Iniesta arrived in South Africa with few joys and left with the greatest of them. Today she remembers that path as the turning point of her life. Not from her sports life. Of their life. At that time he strengthened his relationship with Anna, today his wife, and went on to say: "The World Cup, beyond the goal, gave me life."

Yes, because it was like starting again, like leaving all the previous months behind. That was for you. But, beyond you, what was that World Cup for in Spain? It served the Spanish footballer, the Spanish football, because it has been the greatest milestone we have achieved, after a long time, many generations. As a country, getting a World Cup has all the possible advantages and joys. As a country, it was not one of the best moments that we were experiencing, involved in a brutal economic crisis as we were ... But I was telling you about the Spanish footballer because, afterwards, talking to a player I have met in other leagues from around here [speaking of Japan], they have told me: «Everything you achieved in those years, to many players for being Spanish, have opened the doors of many leagues and many countries». And those things make me happy. As Spain is today, so upset, so divided, if we were to achieve another World Cup, would it be of any use? Do you think it would help coexistence? I don't know if it would help or not, but it would do us all good. Soccer is another story, soccer does not understand politics, it has nothing to do with right, left or center. Sport does not understand that. You like soccer because of what it transmits to you, what the players transmit to you ... And they are all positive things. Actually, the rest of the issues are more complicated, but I am sure that it would be good for all of us at this moment to win another World Cup. How do you see the possibility of winning another title like 2010? After that wonderful streak between 2008 and 2012, things have not been easy. We had bad performances in the last three championships and I think that now the team, with almost no one from that generation, has to make its own way. Luis Enrique is a great coach and I am sure he will form a very powerful group. But we must let them work and flee from comparisons, because what we live is difficult for us to repeat.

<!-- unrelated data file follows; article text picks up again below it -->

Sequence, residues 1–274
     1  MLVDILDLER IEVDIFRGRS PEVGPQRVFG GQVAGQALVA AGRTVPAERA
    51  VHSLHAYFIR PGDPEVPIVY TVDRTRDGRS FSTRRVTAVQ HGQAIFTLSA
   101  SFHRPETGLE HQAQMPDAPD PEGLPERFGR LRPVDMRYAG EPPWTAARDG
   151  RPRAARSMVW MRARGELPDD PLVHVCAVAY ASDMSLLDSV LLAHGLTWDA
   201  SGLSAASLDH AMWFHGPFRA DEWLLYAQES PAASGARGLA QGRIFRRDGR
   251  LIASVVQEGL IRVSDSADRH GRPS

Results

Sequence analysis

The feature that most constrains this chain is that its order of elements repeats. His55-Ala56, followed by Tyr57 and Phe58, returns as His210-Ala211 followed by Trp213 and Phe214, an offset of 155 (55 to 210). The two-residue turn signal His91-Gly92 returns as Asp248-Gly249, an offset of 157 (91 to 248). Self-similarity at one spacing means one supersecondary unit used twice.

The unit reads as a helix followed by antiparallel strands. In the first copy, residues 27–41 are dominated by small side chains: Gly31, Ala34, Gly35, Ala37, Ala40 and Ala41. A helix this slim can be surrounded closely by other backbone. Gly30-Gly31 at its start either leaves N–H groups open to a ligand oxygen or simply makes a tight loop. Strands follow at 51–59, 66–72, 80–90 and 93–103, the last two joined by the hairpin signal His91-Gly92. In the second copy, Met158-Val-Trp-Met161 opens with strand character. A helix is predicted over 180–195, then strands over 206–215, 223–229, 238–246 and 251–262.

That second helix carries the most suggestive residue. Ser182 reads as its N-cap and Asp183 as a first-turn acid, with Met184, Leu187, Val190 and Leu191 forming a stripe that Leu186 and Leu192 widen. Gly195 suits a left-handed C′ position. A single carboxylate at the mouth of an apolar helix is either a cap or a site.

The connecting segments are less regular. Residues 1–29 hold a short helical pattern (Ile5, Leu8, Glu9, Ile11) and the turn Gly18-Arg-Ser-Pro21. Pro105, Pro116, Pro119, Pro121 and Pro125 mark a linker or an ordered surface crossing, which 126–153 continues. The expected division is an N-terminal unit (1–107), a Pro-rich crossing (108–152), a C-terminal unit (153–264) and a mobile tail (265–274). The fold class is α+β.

PS After receiving the two journalists with the dry phrase that heads the text, he smiled. They remembered what happened on the Ile de Ré and, immediately, everything returned to normal. And of course the conversation was just as friendly as ever. The anger was gone.

According to the criteria of The Trust Project

Know more

  • Spain
  • Portugal
  • Japan
  • Luis Enrique
  • Chile
  • Andres Iniesta
  • Albacete
  • sports

SoccerThe stressful night of Villa and Xabi Alonso against Paraguay: "It was the turning point"

InterviewDel Bosque: "In this pandemic it has happened as in football: we are all coaches"

LaLiga Santander 2019 - 2020Interview with Javier Tebas: "Soccer returns for the interest of Spain"

See links of interest

  • Last minute
  • Spanish translator
  • Programming
  • 2020 calendar
  • Horoscope today
  • League classification
  • Santander League Calendar
  • Movies today
  • Themes
  • Champions
  • Real Sociedad - Granada CF
  • Real Madrid - Alavés, live
  • Norwich City - West Ham United
  • Watford - Newcastle United
  • Liverpool - Burnley